Remote work, office space, retail—it all impacts the residential real estate industry.
The pandemic brought about change at lightning speed. I rounded up just a few of the studies that show some of the more significant changes that will impact real estate:
Interestingly, many consumer brand companies also think some permanent changes have occurred and are betting on significant shifts in consumer purchases. Conagra Brands and Kraft Heinz, for example, are buying and upgrading equipment to make more at-home meals. Kimberly Clark is converting a plant from making tissue products from office use to home use lines. Proctor and Gamble is doing the same.
What Does This Mean for the Real Estate Industry?
You’ve heard all of this before, but it bears repeating. The move to expanded remote working is permanent for a significant share of the office-based workforce. This will cause a shift in where people can live regardless of where they work. This shift will cause more activity for housing sales in suburban, ex-urban and rural markets and potentially less activity in urban core areas.
A Shift Away From an Office-based Culture
For brokerage firms, it should mean a shift away from office-based cultures to more digitally interactive relationships. Most brokerage firms, Realtor® associations, coaches, and educators have learned that they can reach far more real estate professionals, far more frequently, and with rich content with a mixture of online interaction and in-person events.
The big challenge is how brokerage leaders can maintain, build or rebuild their cultures—moving from an office-based culture to a remote-based culture. Brokerage firms that built their businesses on in-person interactions and relationships will need to adapt to a new environment.
Technology Vital to Brokerage Functions
This is a no-brainer and was happening even before the pandemic. Technology will become vital to the functions of a brokerage firm. How agents interact with their customers, from CRM and virtual tours to online transaction processing, will all have to be enhanced for a brokerage to stay competitive and relevant. It also means using technology and information to recruit and develop agents and staff more effectively.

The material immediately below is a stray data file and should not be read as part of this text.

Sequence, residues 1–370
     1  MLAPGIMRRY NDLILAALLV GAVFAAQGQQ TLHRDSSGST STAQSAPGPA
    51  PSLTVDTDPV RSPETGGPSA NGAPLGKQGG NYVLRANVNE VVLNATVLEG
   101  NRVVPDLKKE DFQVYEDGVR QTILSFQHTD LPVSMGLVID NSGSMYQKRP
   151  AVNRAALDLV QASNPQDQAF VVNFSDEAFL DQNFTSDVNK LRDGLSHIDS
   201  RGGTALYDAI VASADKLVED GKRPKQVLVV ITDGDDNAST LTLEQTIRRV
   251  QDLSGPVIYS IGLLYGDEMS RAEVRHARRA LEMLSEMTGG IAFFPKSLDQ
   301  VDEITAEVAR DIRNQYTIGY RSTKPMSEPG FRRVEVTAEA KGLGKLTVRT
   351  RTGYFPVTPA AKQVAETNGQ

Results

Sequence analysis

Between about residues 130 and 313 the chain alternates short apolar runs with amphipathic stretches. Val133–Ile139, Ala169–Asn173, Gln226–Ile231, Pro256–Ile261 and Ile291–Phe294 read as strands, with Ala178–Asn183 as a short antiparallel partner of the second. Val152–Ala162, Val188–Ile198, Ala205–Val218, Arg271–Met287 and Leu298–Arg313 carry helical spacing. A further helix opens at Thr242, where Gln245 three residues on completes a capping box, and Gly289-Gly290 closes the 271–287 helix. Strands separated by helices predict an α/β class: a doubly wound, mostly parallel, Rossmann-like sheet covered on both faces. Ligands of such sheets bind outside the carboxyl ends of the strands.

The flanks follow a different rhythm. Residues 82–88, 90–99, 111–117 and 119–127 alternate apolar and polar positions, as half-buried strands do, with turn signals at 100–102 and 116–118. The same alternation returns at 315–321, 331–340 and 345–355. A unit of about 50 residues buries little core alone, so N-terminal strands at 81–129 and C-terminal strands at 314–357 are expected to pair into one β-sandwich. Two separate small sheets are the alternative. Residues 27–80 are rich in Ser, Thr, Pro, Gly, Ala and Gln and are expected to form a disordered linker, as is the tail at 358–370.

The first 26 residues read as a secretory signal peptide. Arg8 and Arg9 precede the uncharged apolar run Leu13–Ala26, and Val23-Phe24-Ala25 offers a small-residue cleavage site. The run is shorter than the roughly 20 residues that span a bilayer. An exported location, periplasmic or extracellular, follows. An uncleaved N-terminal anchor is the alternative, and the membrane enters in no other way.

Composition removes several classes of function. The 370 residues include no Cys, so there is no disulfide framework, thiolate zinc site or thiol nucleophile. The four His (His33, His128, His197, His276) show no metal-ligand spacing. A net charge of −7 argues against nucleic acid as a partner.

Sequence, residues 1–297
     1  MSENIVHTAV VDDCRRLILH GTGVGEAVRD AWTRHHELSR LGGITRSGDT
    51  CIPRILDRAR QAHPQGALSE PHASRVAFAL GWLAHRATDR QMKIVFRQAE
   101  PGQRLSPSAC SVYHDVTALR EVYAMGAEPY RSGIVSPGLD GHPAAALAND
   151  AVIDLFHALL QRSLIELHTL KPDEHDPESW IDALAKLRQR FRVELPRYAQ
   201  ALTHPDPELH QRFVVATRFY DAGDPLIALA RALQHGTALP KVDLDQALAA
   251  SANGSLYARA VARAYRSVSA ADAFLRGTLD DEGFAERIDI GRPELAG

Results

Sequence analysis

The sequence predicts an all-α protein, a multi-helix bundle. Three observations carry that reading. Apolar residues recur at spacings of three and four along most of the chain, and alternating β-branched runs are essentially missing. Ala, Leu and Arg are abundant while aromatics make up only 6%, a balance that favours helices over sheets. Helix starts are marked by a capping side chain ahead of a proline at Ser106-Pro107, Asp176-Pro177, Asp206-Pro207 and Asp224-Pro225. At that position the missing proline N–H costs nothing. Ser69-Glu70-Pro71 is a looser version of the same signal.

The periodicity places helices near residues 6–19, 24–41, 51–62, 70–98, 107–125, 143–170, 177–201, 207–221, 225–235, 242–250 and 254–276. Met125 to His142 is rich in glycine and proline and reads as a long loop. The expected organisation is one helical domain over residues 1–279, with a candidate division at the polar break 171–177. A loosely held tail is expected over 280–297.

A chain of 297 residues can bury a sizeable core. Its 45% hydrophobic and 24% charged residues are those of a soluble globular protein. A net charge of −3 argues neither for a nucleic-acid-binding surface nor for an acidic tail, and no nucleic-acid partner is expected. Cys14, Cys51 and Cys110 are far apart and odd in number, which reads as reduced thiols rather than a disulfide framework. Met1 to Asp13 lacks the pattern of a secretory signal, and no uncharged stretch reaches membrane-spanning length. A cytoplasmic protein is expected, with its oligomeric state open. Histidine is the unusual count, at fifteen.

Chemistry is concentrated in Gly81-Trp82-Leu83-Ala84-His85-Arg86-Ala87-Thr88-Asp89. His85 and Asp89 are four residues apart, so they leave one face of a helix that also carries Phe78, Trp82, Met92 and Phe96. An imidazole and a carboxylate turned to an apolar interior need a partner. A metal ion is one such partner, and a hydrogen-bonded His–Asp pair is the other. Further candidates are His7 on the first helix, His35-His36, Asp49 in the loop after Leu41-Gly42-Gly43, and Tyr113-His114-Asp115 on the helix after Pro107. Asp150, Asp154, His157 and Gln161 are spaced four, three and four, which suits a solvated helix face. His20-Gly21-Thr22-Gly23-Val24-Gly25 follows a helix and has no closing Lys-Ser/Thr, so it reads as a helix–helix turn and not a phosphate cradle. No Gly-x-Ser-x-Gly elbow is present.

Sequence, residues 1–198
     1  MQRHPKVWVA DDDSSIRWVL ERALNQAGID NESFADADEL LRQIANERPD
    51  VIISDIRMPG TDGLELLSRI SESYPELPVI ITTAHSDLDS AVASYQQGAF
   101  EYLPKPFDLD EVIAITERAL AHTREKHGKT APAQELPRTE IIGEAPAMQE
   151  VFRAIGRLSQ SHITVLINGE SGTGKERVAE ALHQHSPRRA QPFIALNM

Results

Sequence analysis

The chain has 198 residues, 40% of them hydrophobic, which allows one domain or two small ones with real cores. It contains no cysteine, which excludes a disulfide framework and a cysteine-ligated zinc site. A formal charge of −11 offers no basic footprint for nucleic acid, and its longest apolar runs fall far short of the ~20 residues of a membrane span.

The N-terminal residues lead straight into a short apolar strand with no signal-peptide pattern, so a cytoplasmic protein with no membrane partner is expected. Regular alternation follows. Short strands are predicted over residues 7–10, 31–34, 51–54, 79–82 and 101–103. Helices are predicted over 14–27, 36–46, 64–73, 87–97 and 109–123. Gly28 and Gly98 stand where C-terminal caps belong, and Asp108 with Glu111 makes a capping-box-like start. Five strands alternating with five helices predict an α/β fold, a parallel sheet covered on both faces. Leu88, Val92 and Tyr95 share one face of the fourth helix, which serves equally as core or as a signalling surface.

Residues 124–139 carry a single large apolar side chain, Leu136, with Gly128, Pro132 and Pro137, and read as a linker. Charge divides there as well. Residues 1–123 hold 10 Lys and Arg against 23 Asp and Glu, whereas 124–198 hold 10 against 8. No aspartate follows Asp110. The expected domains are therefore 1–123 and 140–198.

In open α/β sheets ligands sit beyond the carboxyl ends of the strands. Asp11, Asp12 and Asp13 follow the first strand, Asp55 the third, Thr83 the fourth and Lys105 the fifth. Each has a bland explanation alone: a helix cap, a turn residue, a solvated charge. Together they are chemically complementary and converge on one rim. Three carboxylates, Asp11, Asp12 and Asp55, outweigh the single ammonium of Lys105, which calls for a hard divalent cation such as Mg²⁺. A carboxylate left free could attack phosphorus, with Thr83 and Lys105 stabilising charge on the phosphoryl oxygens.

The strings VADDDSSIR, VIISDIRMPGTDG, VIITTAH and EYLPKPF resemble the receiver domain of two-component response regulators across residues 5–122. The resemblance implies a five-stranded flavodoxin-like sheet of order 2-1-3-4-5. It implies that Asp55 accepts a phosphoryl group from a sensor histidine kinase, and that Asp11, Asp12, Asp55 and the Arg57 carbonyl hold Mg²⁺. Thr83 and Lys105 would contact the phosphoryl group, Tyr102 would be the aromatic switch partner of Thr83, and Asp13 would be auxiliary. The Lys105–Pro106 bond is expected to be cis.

As Mokyr said, we are physical creatures, not digital, and in-person interaction will remain an integral part of how a business works. In residential brokerage, this will continue to be true more than in other fields.
Don’t kid yourself into thinking that it will go back to the way it was 10 to 20 years ago. Most agents and teams abandoned offices years ago when they found they could remotely work from their homes or the local coffee shop. While most home buyers won’t purchase without physically being in the homes they may want to buy, the numbers who will purchase remotely is going to grow to an unprecedented level. The pandemic accelerated changes that were already happening in the real estate industry. The idea of buying a home seen only through a virtual tour, while not mainstream, was accepted by many out-of-state or global homebuyers.
For brokers, flexibility and innovation with an eye on connective technologies and a healthy mix of in-person interaction should set you up for success in the coming year.
Steve Murray is a partner in RTC Consulting, a brokerage consulting, M&A and valuation service. He is also a senior adviser for HWMedia, the owner of REAL Trends content, rankings and more.
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